Stephen Mason raised his voice over honking motorists and whooping protesters at a McDonald's in Brainerd Thursday and explained why he thinks the federal minimum wage should be raised to $15 an hour.
"It's not fair that corporations' wages go up, they make more money and we still make the same," he said, holding a poster. "If our raises would have kept up with theirs, we'd be making $22 an hour right now."
For the last six years, Mason has worked in fast food and earned $7.25 an hour, the current federal minimum wage.
"You're just working to live," he said. "I'm scraping by. You've got to stand up and do something about it."
He was one of about 25 local activists who lined the corner of Moore and Brainerd Roads Thursday to protest low wages -- part of a national day of similar demonstrations in at least 100 cities across the United States.
The wave of protests is the latest push in an effort by labor unions, advocacy groups and politicians to raise the federal minimum wage.
It's gaining some momentum: last month, President Barack Obama threw his support behind a Democrat-led effort to slowly raise the minimum wage to $10.10 by 2015. In September, California voted to raise the state's minimum wage to $10 by 2016. And a proposal to raise the minimum wage in the District of Columbia to $11.50 by 2016 has cleared an initial vote and is expected to pass in January.
Setting the federal minimum at $10.10 an hour would affect almost 700,000 Tennesseeans, according to a March study by the Economic Policy Institute. Tennessee wages would jump by $1.2 billion --the average Tennessee worker would earn $2,229 more annually.
The median wage for fast food workers in the Chattanooga region was $8.40 in June, according to the Tennessee Department of Labor & Workforce Development. The median wage for all occupations was $14.40.
Protestor Katie Cowley-Carpenter said she believes $15 an hour is a realistic goal for the region.
"By giving a living wage to workers, we're increasing their purchasing power and that money will go back into local and national economies," she said. "And we know our economy is still struggling tremendously. That would be one way to alleviate it."
But opponents argue that raising the minimum wage would force business owners to cut hours, stop hiring or lay off workers in order to pay the higher hourly rates while still making ends meet. And that's especially prevalent in the restaurant world, said Sabrina Schaeffer, director of the conservative think tank Independent Women's Forum.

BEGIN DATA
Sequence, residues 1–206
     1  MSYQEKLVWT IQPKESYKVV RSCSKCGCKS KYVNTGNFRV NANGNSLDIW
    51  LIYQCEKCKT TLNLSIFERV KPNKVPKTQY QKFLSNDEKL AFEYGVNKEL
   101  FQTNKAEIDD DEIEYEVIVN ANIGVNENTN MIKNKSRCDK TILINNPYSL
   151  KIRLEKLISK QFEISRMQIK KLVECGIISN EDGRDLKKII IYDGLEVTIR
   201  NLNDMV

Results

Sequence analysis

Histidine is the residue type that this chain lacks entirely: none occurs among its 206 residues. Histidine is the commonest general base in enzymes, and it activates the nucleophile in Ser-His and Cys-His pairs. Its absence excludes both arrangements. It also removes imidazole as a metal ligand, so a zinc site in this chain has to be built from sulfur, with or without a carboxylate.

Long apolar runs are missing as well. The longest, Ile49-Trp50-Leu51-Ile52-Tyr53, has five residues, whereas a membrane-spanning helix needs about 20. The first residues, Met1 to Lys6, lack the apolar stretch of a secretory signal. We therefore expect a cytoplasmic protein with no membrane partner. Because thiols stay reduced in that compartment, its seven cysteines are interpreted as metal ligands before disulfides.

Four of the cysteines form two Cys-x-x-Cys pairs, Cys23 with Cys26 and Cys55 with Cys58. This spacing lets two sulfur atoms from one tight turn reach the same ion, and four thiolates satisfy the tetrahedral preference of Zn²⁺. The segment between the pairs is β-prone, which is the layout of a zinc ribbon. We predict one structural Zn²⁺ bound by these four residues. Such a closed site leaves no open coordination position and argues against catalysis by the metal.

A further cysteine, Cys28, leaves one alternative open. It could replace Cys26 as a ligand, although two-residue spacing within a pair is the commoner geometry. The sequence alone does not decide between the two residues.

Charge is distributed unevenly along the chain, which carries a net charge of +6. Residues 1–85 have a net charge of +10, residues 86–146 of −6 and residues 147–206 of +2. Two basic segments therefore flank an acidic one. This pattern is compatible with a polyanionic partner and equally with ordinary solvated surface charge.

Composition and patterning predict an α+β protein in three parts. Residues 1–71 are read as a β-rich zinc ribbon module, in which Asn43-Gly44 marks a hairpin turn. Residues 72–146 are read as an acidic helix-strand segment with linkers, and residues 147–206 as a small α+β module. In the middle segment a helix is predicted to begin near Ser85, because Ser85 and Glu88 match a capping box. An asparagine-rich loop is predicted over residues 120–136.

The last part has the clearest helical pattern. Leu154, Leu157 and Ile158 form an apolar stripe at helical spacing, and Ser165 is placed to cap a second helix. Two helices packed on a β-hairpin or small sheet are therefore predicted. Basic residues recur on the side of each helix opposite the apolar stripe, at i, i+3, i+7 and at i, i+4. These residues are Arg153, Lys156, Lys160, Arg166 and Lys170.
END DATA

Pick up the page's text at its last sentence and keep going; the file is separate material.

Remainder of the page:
"People often assume that employers have huge profit margins and could easily pay more but don't because they are mean-spirited," she said. "That's just not the case. Most franchises operate on very small margins."
She added that laws and regulations make it difficult for small businesses to create and sustain jobs, and argued that job creation is essential to economic recovery. But Cowley-Carpenter said she thinks a higher minimum wage would actually help small businesses compete.
"Small business employees are struggling more at the hands of large corporations who are putting them out of business," she said. "[The corporations] are able to offer lower prices through paying their employees lower wages. By giving employees a higher wage, it will boost our economy because they can go out and purchase from and support local businesses."
Cowley-Carpenter and other protesters from Chattanooga Organized for Action, Occupy Chattanooga and Chattanooga for Workers kept the message simple Thursday, waving signs that read, "Living wage YES," "We can't survive on $7.25" or "Fair wages, not slave wages."
Several protesters bought drinks or snacks at McDonald's and read written thank you notes out loud to McDonald's employees, crowding into the restaurant around noon.
"We stand by you in demanding that McDonald's corporation increase your pay to $15 per hour," read one note. "We acknowledge that the low pay you receive hurts not just you but all of us."
A McDonald's manager declined to comment and McDonald's employees didn't join the protest.
Contact staff writer Shelly Bradbury at 423-757-6525 or email@example.com.